FESTIVALS: San Francisco Always Impresses
FESTIVALS: San Francisco Always Impresses
by Ray Pride
(indieWIRE/5.9.2000) -- This was the 43rd year for the San Francisco International Film Festival, the oldest film festival in the Americas. With fifteen days of features from around the world, with tributes, seminars, documentaries, short films, it's also one of the most-jam-packed. Assembled by the San Francisco Film Society under the guidance of Artistic Director Peter Scarlet, its curatorial zeal always impresses. While the mass fests have become bazaars of marketing, the San Francisco fest has an intimacy, for filmmakers, journalists and Bay Area moviegoers, that suits the alternately glittering and grubby city just fine.
The festival's star tribute, the Peter J. Owens Award, given each year to an actor whose work "exemplifies brilliance, independence and integrity" went to Winona Ryder, honored with a screening of "Age of Innocence" and a gala dinner. But there are other, more erudite and scholarly sides to SFIFF, such as the Akira Kurosawa Award, given for lifetime achievement by a director, offered, suitably, in 2000, to a great director who shares the same initials: AK, or Abbas Kiarostami. The 60-year-old master was on hand for tributes, interviews and conferences, along with several of his films, including his newest, the wondrous, minimalist "The Wind Will Carry Us."
There are features by new filmmakers (Jim McKay's second chicks-in-the-hood story, "Our Song"; the magical, exquisite paced Czech "Return of the Idiot"; Alison Maclean's loping "Jesus' Son" with a marvelous central shaggy-dog performance by Billy Crudup; Pablo Trapero's warm Argentine "Crane World"). There are also titles from past festivals and restorations, including several once-lost French thrillers such as a 1925 "Cyrano de Bergerac"; Jacques Becker's 1945 "Furbelows," probably the best film ever made about the fashion world"; and Werner Herzog's brilliant "Lessons of Darkness," a must-see portrait of the surreal landscapes of Kuwaiti oil in flame after the Gulf War. There are documentaries, animation and experimental film to spare, including a tribute to animator Faith Hubley.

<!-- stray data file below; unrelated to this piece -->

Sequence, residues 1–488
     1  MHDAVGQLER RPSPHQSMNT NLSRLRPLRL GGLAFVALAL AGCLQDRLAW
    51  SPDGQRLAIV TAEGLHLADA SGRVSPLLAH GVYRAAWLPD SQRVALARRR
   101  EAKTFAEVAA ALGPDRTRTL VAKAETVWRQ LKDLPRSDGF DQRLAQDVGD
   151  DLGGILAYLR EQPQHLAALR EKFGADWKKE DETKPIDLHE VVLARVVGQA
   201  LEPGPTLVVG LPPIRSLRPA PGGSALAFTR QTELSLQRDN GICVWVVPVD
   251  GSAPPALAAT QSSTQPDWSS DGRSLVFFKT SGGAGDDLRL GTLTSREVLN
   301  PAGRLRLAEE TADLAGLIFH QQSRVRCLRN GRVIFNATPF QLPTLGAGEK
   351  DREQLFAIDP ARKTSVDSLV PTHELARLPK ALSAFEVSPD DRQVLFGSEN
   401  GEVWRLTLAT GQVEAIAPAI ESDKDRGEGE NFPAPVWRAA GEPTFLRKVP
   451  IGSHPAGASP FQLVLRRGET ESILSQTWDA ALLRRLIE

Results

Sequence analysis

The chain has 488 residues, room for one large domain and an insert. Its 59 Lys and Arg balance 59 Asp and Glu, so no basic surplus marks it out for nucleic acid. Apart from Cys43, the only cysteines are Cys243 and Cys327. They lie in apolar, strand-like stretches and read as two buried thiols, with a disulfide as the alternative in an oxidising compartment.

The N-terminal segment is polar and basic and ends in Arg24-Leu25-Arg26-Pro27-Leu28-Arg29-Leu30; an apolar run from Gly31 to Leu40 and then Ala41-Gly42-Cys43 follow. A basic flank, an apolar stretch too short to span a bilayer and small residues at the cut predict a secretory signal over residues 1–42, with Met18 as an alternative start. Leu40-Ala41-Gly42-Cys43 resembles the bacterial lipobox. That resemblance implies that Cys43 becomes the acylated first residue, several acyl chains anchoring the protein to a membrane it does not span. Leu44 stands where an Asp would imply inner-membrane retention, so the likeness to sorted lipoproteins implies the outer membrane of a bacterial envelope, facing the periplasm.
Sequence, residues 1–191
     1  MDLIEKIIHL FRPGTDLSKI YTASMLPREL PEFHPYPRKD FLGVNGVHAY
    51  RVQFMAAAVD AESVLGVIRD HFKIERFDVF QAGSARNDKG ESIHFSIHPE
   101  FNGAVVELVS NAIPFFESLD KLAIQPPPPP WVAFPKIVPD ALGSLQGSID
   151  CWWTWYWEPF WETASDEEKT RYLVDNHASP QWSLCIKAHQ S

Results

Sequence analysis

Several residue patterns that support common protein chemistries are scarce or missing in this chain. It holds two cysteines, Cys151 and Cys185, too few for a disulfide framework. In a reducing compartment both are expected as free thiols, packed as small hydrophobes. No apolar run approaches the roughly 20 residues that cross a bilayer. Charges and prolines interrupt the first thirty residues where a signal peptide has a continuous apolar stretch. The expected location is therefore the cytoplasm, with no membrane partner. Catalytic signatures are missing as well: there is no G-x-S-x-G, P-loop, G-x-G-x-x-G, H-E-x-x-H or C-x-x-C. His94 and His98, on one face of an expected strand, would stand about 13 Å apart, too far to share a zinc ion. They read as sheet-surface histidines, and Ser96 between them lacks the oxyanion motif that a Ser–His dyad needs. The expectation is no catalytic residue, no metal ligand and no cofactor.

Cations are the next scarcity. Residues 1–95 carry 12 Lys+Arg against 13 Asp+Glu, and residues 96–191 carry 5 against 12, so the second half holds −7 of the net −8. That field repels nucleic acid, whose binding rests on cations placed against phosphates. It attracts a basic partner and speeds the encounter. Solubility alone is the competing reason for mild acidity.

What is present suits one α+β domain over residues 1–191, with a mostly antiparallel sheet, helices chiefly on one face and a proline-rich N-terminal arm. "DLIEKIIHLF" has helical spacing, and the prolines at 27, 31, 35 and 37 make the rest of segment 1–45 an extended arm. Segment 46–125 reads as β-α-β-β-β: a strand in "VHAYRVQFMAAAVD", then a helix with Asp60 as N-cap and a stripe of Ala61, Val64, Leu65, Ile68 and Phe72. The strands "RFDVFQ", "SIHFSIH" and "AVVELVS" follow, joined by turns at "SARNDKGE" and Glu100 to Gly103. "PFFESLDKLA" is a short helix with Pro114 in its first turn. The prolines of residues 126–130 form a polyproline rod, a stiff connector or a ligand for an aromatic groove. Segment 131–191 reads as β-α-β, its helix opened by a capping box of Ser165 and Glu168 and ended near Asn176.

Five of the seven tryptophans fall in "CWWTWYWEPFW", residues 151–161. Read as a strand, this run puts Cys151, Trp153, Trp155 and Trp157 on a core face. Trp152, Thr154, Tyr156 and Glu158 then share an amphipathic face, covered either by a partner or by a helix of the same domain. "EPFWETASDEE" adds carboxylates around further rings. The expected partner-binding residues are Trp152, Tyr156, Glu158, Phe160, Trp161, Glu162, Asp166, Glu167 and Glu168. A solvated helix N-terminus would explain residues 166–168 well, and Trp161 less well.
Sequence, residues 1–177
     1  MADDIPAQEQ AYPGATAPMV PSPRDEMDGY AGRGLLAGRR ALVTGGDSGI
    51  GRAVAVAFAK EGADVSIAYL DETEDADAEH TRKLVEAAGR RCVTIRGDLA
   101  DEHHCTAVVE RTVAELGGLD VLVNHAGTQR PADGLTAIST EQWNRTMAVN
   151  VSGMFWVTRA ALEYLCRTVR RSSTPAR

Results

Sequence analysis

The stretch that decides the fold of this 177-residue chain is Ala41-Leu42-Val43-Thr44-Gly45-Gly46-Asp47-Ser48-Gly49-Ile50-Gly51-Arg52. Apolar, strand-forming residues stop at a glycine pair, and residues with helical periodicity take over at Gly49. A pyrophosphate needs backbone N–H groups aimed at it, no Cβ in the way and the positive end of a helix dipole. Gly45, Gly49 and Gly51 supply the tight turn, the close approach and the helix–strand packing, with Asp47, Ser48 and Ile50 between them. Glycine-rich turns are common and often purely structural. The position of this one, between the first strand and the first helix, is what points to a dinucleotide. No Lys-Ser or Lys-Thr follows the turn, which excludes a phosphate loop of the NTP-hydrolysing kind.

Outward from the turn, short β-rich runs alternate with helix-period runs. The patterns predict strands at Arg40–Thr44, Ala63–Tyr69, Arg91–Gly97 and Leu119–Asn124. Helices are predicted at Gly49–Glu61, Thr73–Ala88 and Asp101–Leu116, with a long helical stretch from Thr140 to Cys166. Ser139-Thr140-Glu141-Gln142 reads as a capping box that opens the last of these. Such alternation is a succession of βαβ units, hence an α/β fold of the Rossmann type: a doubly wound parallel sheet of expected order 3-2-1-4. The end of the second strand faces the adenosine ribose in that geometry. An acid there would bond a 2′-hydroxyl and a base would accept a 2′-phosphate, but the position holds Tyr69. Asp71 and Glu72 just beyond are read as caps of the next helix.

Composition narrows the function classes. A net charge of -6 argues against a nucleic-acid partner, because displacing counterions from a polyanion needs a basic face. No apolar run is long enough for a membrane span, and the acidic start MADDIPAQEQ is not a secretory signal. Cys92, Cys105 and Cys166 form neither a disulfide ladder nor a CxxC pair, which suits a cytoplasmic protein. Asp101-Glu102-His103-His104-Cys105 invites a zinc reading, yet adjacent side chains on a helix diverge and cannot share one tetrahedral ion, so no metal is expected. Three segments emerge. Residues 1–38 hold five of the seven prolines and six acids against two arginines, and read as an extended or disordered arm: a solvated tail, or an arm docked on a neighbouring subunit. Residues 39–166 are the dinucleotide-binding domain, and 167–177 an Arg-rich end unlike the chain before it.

A striking event at the immense, much-beloved local arthouse, the Castro, was an evening of battered prints of avant-garde chestnuts from the likes of Fernand Leger and Man Ray accompanied by guitar textures by Tom Verlaine (late of the band Television) and longtime collaborator Jimmy Ripp. It's engaging stuff, ear-filling abstractions, reminiscent at moments of the multi-guitared symphonies of Glenn Branca. Carl Dreyer's "They Caught the Ferry," a peculiar traffic safety film from the master who made "Ordet" and "Vampyr," is particularly suited to the approach, as the twin guitars surge, hesitate, soar, send Dreyer's spare images into another, stranger place.
The U.S. premiere of Volker Schlondorff's "The Three Legends of Rita Vogt" (Die still nach dem schuss) offers a shift back to the sorts of movies he made in Germany in the 1970s, often with his then-wife Margarethe von Trotta. The astonishing Bibiana Beglau, a stage actress in her first major film role, plays a West German terrorist who is secreted away by the East German secret police within their borders after several attacks go wrong. The script is dryly witty and as Rita, Beglau is luminous: the camera loves her. And that's a good thing, as she plays an unregenerate, unapologetic idealist who must bob atop the shifts in East German everyday life before the fall of the wall in 1989. The score is eclectic and moving, and the ending has cold power.
The sexually explicit South Korean power-games s&m fable, "Lies," almost didn't make it. A print from a festival in Buenos Aires somehow got shipped to New York, then Los Angeles, and the festival's print traffic manager flew to fetch the print on Easter Sunday, returning with the two seventy-pound cans as check-in luggage. Jang Sun-Woo's story of the power games between an underage high school girl and a 38-year-old married sculptor has a fierce conviction and as artist provocation, it's genially reprobate.
Noemie Lvovsky's "Life Doesn't Scare Me" (La vie ne me fait pas peur) is a lively pastiche out of left field, a chronicle of female adolescence through the rites of passage of four friends from about 15 to 17. Bold, trippy and often howlingly funny, this is the kind of tender, allusive, go-for-broke film that can shake up staid audiences. Working with Agnes Godard, Claire Denis' usual cinematographer, Lvovsky knows how to shoot anger, exhilaration, desire, and even despair.